Shorting caps on RCA inputs for Stellar Amps cause a ~3dB attenuation while using XLR inputs

Did a search, couldn’t find much on this. I just got some M700s yesterday and figured I’d try some of my rhodium shorting covers for RCA inputs. Given that it had been a while since I had listened, the equipment was off, I had a slight sense that volume levels for equivalent settings on the pre-amp seemed lower once the caps were in place and the system was powered back on. But the sound seemed maybe “smoother” and with a lower noise floor (?) hard to say since I took breaks between.

But anyway today I listened to a few songs, then decided to remove the covers from the RCA inputs and yep, i get an extra 2-3dB in volume without the shorting covers on the RCA inputs. Again, I’m using the XLR, so I figured the unit would just sense or default to that, but apparently this is firmware/programming related? Does the unit automatically lower speaker connection output, even via balanced inputs, when there is something connected to the RCA unbalanced inputs?

Could someone please explain this functionality?

It appears that the RCA input is in parallel with 1/2 of the balanced XLR input.
Therefore, if you short the RCA you are shorting one leg of the XLR input resulting in reduced level.

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Definitely do not use RCA shorting plugs. The XLR and RCA inputs are tied together so when you do that you’ll get 6dB lower gain and lose any advantage balance brings to the table.


I guess that’s gotta be the case…just given how these amps operate otherwise, I initially assumed it was some kind of software thing - kind of like the protection circuitry - whereby if it sensed a connection on the RCA outs, it automatically lowered output power by a certain amount. But your theory makes sense electrically too, I think. I think pin 2 on the XLR is “hot” so I guess it would be pin 3 - but I thought you’d also get some kind of polarity inversion with that kind of situation.

Ha…ok thanks again Paul.

Why is the difference 6dB, exactly? Is that the normal gain you get with balanced as compared to unbalanced RCA? For some reason I always thought it was 3dB.

Interestingly enough, I do still stand by my initial perception of a “smoother” more “refined” sound in the upper mids and treble when the shorting plugs were in, but I guess that could just have been the lower volume.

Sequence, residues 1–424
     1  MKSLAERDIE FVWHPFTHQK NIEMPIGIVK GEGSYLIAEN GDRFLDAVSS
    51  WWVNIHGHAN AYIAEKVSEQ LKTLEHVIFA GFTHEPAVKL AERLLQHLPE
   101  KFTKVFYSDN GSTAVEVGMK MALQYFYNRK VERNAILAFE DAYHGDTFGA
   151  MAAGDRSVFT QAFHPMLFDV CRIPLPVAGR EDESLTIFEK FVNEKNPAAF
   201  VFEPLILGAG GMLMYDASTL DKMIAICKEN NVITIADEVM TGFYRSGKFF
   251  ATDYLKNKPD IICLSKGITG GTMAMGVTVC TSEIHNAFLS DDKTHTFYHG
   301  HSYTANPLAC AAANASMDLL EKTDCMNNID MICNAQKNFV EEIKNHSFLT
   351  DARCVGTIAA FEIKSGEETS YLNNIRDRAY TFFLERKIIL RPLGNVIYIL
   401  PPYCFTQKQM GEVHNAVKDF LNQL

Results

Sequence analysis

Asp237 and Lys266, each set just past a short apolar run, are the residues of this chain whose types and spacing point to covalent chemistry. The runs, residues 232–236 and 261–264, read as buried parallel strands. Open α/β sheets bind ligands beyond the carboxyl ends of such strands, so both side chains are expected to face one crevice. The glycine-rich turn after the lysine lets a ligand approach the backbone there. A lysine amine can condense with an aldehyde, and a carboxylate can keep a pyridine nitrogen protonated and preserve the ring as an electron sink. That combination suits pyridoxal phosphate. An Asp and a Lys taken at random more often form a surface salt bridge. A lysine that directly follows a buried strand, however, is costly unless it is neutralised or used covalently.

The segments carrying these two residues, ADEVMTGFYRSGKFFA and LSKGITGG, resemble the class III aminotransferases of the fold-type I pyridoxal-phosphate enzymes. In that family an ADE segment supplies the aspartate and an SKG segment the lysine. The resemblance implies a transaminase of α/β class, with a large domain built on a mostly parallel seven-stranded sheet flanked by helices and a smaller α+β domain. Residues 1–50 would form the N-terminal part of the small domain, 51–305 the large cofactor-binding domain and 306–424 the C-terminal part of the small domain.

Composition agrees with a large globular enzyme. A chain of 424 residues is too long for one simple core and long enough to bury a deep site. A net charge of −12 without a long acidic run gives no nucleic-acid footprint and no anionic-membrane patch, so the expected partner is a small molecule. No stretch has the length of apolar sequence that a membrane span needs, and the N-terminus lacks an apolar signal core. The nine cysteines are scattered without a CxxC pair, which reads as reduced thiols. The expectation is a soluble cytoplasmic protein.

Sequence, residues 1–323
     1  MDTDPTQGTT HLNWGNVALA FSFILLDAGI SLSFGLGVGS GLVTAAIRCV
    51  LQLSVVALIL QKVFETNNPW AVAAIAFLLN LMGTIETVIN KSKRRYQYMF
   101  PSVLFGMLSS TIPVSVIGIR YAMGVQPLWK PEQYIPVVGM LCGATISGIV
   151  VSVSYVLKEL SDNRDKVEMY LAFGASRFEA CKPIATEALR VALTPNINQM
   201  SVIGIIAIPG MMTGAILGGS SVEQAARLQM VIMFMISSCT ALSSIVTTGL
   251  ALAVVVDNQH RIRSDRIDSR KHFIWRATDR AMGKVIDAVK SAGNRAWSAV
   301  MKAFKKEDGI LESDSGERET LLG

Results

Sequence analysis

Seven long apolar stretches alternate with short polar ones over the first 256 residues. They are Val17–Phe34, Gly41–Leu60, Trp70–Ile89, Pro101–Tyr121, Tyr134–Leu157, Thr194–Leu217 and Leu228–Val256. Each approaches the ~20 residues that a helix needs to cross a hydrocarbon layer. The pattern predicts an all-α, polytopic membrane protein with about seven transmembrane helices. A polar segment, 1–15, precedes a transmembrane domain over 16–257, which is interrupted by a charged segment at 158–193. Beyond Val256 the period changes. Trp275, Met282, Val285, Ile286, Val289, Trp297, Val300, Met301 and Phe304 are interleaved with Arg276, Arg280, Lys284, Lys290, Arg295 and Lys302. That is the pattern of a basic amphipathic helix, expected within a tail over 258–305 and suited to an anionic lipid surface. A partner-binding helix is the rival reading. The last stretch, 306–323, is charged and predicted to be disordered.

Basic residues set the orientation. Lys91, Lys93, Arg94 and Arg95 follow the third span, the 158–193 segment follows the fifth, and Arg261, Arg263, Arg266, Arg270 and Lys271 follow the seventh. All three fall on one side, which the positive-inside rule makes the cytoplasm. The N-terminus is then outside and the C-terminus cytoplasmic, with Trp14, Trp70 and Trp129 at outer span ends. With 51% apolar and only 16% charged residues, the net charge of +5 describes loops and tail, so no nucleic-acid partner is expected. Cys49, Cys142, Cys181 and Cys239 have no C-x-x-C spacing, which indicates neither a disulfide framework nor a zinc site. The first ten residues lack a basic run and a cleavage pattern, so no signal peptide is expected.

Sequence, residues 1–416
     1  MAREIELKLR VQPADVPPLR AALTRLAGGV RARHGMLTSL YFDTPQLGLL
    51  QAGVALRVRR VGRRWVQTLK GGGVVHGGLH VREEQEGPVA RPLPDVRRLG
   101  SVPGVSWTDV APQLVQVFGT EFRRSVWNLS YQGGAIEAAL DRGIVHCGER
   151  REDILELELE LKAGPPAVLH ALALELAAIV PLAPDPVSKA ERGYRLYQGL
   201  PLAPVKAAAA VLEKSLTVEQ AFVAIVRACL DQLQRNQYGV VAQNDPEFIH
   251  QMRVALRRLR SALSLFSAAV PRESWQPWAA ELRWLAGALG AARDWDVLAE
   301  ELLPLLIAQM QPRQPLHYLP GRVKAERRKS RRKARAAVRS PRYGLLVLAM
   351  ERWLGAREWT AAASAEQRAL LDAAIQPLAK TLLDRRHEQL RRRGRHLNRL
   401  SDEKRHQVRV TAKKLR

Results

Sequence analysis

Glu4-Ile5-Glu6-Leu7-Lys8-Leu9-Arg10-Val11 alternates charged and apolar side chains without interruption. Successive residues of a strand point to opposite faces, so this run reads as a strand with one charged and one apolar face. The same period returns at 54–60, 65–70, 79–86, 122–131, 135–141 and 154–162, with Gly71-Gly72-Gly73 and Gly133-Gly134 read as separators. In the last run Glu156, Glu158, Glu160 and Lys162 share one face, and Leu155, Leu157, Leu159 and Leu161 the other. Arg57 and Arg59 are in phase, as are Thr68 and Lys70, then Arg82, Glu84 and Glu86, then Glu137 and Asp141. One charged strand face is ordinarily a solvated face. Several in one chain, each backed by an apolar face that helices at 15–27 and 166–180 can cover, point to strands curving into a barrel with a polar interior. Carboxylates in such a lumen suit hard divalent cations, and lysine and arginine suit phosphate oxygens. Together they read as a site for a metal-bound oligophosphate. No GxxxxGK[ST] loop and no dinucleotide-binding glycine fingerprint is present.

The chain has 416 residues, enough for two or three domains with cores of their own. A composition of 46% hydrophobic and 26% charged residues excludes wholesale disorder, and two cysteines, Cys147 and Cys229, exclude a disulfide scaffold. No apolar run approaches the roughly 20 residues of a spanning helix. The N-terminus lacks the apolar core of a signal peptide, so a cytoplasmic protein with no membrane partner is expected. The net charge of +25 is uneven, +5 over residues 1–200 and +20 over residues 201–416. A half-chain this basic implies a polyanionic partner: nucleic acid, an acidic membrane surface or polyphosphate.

Paul has an excellent series on YouTube where takes opamp theory and “simplifies” things for mere mortals (I’ll never use the words “Dumbed down” because “most” people ain’t Dumb).

Back in my RF Tech days we used PECL then later LVDS circuits that fed mux/demux chips that the Company I worked for designed. Without going into too much detail here. The +6dB gain in the audio world comes from the voltage swing from the -ve voltage rail up to the +ve voltage rail.


Hi, @Paul! Is it also true for the BHK 250/300 amps?

I’m not sure there are any op-amps in the output circuit. Possibly in the class-A stage, but since they’re switching amps, I would have guessed it’s computer controlled rather than a simple case of being wired in parallel. It’s been pretty widely discussed that these amps (M700, S300) will shut down if they sense any possible issues. So I assumed that the unit is sensing a short on the RCA input and thereby telling the computer to revert to single ended/unbalanced operation - only powering one of the pins on the XLR outputs. But what do I know? I’m obviously mixing up a bunch of concepts here - the PWM output (prior to LP filter) of class D amps is generally MOSFET or other discrete transistors, not op-amps, IIRC.

You are over thinking it. Paul already said you are shorting out one of the input legs. remember balanced has two signal leads and one ground. No magic going on here just basic electricity.


Yes, very much so. It is true for any of our products.

It is a 3dB difference if you double or halve the power.

It is a 6dB difference if you double or halve the voltage.
That is because if you double the voltage the power is quadrupled.

You get halve the voltage when you short out one leg of a balanced circuit.